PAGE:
TonyP on April 22, 2014 at 2:35 PM

This.

Another point I’ve heard is that some number (small? large?) of these new baby seals actually PLED DOWN to lesser charges to get the charge they got. Before modifying the sentences, let’s see how they look with the original sentences considered.

BuckeyeSam on April 22, 2014 at 2:22 PM

I wouldn’t oppose it if they can work out a system that reviews potential clemency for non-violent crimes as long as that was the only crime they were charged with.

Effay5 on April 22, 2014 at 2:35 PM

At last, an attempt at deficit reduction!

WryTrvllr on April 22, 2014 at 2:40 PM

It’s also very interesting that Obama and Holder are planning to release thousands of “non-violent” felons immediately after pushing for the restoration of “non-violent” felons right to vote.

Folks not familiar with the “Chicago Way” just don’t appreciate how thoroughly and relentlessly its practitioners engage in raw, partisan politicking. Everything they do has a political end, and about 99% of what they do is primarily motivated by purely partisan politics. They constantly exploit their power and the institutions they control to reward their friends and punish their enemies.

Now they intend to release thousands of felons and give them the right to vote. Another constituency created, this one uniquely suited to Democrats’ plans and purposes.

novaculus on April 22, 2014 at 2:42 PM

When the judicial process fails to deliver a just outcome, governors and presidents should exercise their authority to correct the excesses, while employing a competent screening process to assure that cases of true injustice receive clemency, rather than those that are mere favors for those with political connections.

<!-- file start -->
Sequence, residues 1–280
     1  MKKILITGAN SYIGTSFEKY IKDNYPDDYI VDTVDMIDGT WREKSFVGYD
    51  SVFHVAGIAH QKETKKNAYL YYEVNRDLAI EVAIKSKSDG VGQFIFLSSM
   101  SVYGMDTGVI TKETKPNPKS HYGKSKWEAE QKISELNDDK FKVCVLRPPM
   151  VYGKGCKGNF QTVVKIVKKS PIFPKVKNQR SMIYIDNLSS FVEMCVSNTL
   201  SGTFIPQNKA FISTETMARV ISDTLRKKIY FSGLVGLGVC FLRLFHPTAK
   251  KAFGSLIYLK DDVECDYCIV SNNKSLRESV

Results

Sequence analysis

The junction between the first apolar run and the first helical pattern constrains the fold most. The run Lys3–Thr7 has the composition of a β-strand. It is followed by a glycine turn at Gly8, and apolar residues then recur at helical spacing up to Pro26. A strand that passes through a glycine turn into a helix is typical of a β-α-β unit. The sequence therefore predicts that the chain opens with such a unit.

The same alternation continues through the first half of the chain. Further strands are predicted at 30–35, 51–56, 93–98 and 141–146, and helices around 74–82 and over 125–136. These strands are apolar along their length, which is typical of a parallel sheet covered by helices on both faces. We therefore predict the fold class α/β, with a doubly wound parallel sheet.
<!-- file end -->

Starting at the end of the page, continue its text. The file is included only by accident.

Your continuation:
Indeed…and well said.
I’d offer though that mandatory sentencing is a result of the political process…not a judicial one. Judges have had their hands tied by ignorant and ineffective laws. For too long ‘tough on crime’ electioneering has brought about ‘dumb on crime’ results.

verbaluce on April 22, 2014 at 2:42 PM

The One’s behind the other Pardoners-in-Chiefs? Stay tuned. There will be a plethora of last minute pardons when O pardons his entire administration…

vnvet on April 22, 2014 at 2:42 PM

Before modifying the sentences, let’s see how they look with the original sentences considered.
BuckeyeSam on April 22, 2014 at 2:22 PM

Do you mean charges? Lots of plea deals are made, and this occurs prior to sentencing usually to gain a negotiated sentence without trial.

But yeah, if some dude was initially charged with drug trafficking or a RICO count, then turns states evidence in exchange for a much lighter sentence…..that should be considered.

BTW, this lady that is being used as the poster child? Anyone want to lay odds that she’s back on the pipe within 6 months of her release? My guess is everyone she knows is hard up, and that’s where she will be moving back into. Its sad, but a fact.

Does she need to be in jail this long for what she did? No. But expectations are low. Maybe I’ll be surprised, and I’ll remain hopeful that she’ll make it.